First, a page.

In 1972, Peter Mazur, Stanley Leibo, and Ernest Chu published, “A Two-Factor Hypothesis of Freezing Injury: Evidence from Chinese Hamster Tissue-culture Cells,” hereafter, “A Two-Factor Hypothesis of Freezing Injury,” in the journal, Experimental Cell Research. In the article, the authors uncover that exposure to high salt concentrations and the formation of ice crystals within cells are two factors that can harm cells during cryopreservation. Cryopreservation is the freezing of cells to preserve them for storage, study, or later use. Mazur originally suggested the two factors in a 1970 paper, but that article was based on evidence from simple yeast cells. By using hamster cells in 1972, Mazur, Leibo, and Chu confirmed that Mazur’s two-factor hypothesis applied to more complex mammalian cells. The article dispelled the widely accepted notion that rapid cooling rates were safest for all cells, and instead showed that each kind of cell had a different optimal cooling rate depending on the solution in which it froze.

George McDonald Church studied DNA from living and from extinct species in the US during the twentieth and twenty-first centuries. Church helped to develop and refine techniques with which to describe the complete sequence of all the DNA nucleotides in an organism's genome, techniques such as multiplex sequencing, polony sequencing, and nanopore sequencing. Church also contributed to the Human Genome Project, and in 2005 he helped start a company, the Personal Genome Project. Church proposed to use DNA from extinct species to clone and breed new organisms from those species.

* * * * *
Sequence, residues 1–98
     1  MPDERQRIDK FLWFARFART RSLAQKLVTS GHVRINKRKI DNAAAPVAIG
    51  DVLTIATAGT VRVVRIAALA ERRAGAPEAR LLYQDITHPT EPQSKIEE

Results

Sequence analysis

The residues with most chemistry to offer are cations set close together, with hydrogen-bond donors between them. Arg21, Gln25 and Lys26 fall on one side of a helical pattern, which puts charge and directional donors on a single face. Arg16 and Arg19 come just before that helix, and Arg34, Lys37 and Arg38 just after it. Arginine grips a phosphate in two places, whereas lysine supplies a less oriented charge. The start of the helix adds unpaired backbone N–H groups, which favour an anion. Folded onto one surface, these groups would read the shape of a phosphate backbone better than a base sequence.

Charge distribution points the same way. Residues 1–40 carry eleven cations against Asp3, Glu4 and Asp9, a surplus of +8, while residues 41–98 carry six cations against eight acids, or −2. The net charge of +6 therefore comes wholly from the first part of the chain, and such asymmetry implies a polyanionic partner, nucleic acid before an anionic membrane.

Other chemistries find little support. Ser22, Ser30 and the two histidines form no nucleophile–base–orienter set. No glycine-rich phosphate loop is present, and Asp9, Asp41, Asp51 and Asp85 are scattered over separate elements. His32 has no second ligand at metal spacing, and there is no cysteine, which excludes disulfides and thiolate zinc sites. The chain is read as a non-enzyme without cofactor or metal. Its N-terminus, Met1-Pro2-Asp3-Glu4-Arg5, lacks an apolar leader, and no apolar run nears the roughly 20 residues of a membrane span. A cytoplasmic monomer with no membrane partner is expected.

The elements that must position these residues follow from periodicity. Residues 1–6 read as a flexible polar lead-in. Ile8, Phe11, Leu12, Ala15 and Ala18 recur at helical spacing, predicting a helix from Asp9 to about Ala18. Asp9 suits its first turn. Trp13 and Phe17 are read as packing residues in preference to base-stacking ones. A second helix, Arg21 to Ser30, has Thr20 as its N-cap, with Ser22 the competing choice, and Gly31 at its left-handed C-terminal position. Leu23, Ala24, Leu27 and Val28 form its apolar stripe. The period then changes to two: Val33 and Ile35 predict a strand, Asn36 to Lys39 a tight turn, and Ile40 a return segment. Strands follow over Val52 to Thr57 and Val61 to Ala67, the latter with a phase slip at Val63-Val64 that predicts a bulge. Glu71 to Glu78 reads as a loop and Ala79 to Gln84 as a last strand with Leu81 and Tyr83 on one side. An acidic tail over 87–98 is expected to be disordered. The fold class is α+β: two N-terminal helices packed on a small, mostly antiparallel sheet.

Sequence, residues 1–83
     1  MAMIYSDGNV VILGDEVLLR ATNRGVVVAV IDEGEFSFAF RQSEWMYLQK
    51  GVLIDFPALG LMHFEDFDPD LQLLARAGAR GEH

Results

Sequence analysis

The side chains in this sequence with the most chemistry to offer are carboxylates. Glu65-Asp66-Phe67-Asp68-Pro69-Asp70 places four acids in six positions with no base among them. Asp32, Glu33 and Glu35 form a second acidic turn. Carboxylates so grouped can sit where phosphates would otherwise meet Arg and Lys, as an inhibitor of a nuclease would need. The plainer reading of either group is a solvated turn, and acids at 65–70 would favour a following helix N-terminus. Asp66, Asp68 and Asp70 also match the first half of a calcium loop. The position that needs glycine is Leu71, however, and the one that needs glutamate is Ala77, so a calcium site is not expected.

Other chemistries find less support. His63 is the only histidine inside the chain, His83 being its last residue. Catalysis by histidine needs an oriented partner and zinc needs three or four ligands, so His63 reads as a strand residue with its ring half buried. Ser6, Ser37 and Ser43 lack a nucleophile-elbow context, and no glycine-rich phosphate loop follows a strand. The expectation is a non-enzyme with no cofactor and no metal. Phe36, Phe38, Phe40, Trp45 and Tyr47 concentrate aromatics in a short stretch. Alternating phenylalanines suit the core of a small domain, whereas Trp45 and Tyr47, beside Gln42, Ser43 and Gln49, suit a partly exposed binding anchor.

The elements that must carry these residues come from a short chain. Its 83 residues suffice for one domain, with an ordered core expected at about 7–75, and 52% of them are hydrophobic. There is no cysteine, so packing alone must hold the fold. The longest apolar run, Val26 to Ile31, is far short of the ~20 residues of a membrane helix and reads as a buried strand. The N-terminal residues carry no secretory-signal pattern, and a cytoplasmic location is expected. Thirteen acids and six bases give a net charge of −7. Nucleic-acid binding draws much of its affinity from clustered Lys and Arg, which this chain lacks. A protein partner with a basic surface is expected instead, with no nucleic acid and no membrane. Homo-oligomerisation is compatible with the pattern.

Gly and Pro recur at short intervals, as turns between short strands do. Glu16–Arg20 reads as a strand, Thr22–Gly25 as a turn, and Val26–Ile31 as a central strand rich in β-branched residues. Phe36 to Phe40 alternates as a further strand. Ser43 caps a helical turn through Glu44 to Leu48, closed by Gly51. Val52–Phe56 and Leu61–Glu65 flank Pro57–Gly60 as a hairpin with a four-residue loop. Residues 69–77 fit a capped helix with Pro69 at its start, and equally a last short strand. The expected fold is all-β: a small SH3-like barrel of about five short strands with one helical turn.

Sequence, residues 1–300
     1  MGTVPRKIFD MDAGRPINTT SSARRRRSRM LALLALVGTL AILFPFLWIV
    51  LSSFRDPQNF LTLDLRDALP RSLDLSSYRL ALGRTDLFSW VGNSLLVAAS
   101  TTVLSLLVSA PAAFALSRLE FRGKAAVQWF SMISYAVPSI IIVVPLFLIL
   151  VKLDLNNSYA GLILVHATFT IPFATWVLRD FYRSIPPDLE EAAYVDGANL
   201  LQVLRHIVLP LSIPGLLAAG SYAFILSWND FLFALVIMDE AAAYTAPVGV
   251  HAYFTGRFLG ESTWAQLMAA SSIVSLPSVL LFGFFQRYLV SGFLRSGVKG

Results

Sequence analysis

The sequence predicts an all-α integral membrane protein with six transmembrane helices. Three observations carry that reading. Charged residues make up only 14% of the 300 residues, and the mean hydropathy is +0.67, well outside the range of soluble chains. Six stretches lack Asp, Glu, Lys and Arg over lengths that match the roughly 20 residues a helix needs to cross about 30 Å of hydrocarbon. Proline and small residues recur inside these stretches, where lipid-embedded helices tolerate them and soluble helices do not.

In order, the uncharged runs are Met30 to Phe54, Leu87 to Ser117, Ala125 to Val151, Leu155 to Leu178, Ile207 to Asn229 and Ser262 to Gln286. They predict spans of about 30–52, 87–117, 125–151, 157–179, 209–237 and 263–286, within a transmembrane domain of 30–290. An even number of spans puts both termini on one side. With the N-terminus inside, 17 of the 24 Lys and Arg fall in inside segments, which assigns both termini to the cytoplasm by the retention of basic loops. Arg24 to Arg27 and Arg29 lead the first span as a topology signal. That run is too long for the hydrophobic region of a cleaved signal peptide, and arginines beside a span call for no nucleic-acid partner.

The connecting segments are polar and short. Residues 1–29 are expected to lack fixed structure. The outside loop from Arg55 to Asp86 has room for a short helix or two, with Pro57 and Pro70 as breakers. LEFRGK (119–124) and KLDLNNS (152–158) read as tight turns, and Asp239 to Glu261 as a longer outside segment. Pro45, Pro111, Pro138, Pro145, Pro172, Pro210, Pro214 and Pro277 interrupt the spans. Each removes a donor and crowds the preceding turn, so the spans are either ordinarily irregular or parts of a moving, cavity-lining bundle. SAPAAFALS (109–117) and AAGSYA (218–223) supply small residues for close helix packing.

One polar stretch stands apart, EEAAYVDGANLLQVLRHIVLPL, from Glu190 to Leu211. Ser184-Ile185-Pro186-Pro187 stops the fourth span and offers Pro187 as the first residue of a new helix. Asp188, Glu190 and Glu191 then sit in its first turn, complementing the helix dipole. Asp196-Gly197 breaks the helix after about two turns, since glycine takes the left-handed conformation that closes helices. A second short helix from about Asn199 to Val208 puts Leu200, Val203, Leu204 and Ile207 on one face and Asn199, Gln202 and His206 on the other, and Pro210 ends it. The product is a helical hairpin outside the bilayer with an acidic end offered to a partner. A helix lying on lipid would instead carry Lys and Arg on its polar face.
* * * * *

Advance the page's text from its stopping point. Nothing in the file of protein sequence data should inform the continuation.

Michael R. Harrison worked as a pediatric surgeon in the US throughout the late-twentieth century and performed many fetal surgeries, including one of the first successful surgeries on a fetus in utero, or while it is still in its gestational carrier’s body, also called open fetal surgery. A fetus is an organism developing inside of the uterus that is anywhere from eight weeks old to birth. Harrison hypothesized that open fetal surgery could correct developmental defects that may become fatal to the fetus at birth. After years of research, Harrison and his colleagues at the University of California, San Francisco, in San Francisco, California, performed surgery on the fetus of a woman in her seventh month of pregnancy to correct the fetus’s developmental defects. The surgery was successful, as the fetus developed into a healthy child. Harrison’s work led to advancements in fetal treatment techniques, such as a method to conduct open fetal surgery that will not harm the fetus or pregnant woman, as well as the establishment of one of the first fetal treatment centers in the US.

In humans, sex determination is the process that determines the biological sex of an offspring and, as a result, the sexual characteristics that they will develop. Humans typically develop as either male or female, primarily depending on the combination of sex chromosomes that they inherit from their parents. The human sex chromosomes, called X and Y, are structures in human cells made up of tightly bound deoxyribonucleic acid, or DNA, and proteins. Those are molecules that contain the instructions for the development and functioning of all life forms, including the development of physical traits and body parts that correspond with each biological sex. Humans who inherit two X chromosomes typically develop as females, while humans with one X and one Y chromosome typically develop as males. Sex determination is the beginning of the development of many characteristics that influence how a human looks and functions as well as the societal expectations that other humans have for each other.